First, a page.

3 Big Changes At The Checkout Now That The EMV Liability Shift Date Has Passed
The EMV liability shift deadline has come and gone. That means all U.S. businesses using non-EMV-compliant technology will be held responsible in the event of a fraudulent payment card transaction. While these new cards may be unfamiliar to shoppers stateside, it’s a transition that many other countries have successfully made. In fact, the United States is one of the last countries to adopt chip card technology. Still, as the saying goes, better late than never since the U.S. is home to 47 percent of the world’s fraud(with only 23 percent of total global purchases). EMV’s mission is to change that, and make payments in the U.S. more secure.
But there’s more to EMV than a change to fraud responsibility. Though much of the payment process has remained the same, understanding what the different is will make a big impact on everything from preparing cashiers to informing customers. Here are three key changes businesses with EMV-ready terminals (and your IT customers that are planning to upgrade soon) should know about.
- Payments are more secure than ever. For credit card brands that have distributed chip cards nationwide and businesses that have updated their payment terminals, EMV is a welcome change because it brings increased security to payments. The authentication process used for chip cards is more sophisticated than the process used to authenticate magnetic stripe cards. Chip cards use a unique transaction-identifying code to authenticate purchases, which makes it easier to pinpoint fraudulent transactions.
While payments are more secure than ever for businesses that have upgraded to EMV-compliant technology, those that haven’t could soon become an easy target for hackers. All the more reason to prepare before the holiday shopping season hits.
- Transaction times may feel longer. Instead of swiping credit cards through a card reader, customers will need to insert, or dip, their card into a slot. Cards that are inserted into a terminal and immediately removed will likely be denied. Some payment terminals will even beep at customers who try to remove their card too quickly or attempt to swipe instead of dip. The new process isn’t as fluid as swiping a credit card. Customers will need to stick their card into the reader and let it sit until the transaction has been approved.
Some chip card transactions may take a few seconds longer to process than magnetic stripe card transactions, and even if they don’t, the extra time with the card in the reader can feel like an eternity for customers used to a quick swipe motion.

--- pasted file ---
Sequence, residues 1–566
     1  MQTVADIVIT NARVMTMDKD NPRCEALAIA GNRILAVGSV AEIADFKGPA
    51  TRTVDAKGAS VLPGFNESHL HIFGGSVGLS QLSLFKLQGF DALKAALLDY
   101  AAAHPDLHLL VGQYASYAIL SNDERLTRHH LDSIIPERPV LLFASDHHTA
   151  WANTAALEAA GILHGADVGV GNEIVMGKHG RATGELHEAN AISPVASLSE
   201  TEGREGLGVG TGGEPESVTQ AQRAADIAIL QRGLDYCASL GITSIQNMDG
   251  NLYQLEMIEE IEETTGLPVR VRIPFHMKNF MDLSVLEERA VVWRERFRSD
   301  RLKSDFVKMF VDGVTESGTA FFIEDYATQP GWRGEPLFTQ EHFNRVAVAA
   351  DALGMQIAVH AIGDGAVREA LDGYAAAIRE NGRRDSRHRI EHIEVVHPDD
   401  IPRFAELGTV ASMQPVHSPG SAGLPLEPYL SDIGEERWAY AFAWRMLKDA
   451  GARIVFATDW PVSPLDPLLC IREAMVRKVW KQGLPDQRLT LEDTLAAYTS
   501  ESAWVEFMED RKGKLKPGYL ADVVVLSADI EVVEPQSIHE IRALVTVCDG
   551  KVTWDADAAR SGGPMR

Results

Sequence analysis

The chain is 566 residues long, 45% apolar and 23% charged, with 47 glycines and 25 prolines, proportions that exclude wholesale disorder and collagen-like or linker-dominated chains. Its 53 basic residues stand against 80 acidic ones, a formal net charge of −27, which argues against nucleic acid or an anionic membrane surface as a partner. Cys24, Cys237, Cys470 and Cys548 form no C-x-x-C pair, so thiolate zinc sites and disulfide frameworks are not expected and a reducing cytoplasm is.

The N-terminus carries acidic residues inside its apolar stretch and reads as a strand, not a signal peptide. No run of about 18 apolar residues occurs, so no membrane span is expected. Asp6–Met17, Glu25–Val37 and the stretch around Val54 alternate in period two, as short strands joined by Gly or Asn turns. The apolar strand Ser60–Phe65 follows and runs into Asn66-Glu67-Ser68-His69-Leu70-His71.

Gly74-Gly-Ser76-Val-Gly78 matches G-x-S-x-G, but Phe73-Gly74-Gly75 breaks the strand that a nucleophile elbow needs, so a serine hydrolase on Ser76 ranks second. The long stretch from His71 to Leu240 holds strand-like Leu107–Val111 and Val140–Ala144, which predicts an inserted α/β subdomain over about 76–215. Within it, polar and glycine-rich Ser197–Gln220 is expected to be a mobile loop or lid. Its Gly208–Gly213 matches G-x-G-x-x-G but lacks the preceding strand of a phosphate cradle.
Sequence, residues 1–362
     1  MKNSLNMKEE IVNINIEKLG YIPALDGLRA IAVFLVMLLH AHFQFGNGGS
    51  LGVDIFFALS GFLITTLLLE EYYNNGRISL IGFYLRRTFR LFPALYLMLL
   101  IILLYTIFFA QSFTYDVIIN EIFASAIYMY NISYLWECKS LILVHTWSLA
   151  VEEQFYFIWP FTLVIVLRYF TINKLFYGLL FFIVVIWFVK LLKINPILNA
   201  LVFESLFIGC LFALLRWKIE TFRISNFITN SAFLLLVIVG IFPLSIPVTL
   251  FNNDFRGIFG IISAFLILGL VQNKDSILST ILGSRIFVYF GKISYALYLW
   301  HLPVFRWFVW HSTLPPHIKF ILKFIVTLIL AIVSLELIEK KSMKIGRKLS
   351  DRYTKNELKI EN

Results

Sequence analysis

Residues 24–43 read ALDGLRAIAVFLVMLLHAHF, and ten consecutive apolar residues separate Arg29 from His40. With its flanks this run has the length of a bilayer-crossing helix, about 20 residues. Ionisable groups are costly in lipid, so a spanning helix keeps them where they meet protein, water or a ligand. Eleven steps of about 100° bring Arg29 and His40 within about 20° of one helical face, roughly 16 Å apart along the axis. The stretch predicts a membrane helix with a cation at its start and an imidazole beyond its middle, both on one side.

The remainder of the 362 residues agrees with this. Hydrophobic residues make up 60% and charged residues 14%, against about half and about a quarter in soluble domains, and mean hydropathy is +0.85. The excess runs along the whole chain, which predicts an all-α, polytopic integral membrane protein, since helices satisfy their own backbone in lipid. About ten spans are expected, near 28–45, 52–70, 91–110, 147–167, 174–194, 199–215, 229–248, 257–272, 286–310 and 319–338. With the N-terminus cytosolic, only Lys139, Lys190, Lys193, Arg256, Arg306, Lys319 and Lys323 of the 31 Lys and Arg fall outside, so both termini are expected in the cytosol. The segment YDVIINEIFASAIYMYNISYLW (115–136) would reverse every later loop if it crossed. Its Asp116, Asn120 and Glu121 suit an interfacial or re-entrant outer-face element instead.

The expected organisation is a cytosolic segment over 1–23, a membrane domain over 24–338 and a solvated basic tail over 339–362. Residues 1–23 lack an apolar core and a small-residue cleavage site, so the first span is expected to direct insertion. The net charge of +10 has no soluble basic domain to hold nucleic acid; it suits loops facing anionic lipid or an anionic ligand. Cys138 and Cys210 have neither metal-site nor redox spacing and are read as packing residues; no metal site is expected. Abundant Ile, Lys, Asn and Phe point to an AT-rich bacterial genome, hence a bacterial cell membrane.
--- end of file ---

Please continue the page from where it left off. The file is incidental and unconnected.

- Cashier instructions are key to a successful checkout experience. Chip card payments require customers to change old habits. Instead of swiping, they will need to dip cards and leave them in the reader to process. While the new system may seem simple, sales associates might encounter shoppers who still try to swipe their card or take the card out of the reader before the transaction is complete — especially when some other businesses still aren’t using EMV-compliant technology. That means cashiers will need to identify chip cards and instruct customers on how to use them properly. Clear and concise instructions at the checkout are imperative to a quick and seamless payment experience.
Associates will also need to be able to answer any questions that pop up during checkout. With a new payment system in place, customers are more than likely to have questions. For those in the retail and payment industries, the EMV liability shift has been a major talking point for months, but customers are less likely to be familiar with the news. Make sure your clients’ employees are prepared with an EMV elevator pitch. They should be able to explain the new technology, how it works, and how it benefits customers.
EMV brings increased security to payments and a new experience at the checkout counter. It’s important to embrace these changes and work with customers to make the payment process as smooth as possible. Soon dipping instead of swiping will be second nature to shoppers everywhere. Until then, your clients will need to keep these changes in mind and help customers through the transition.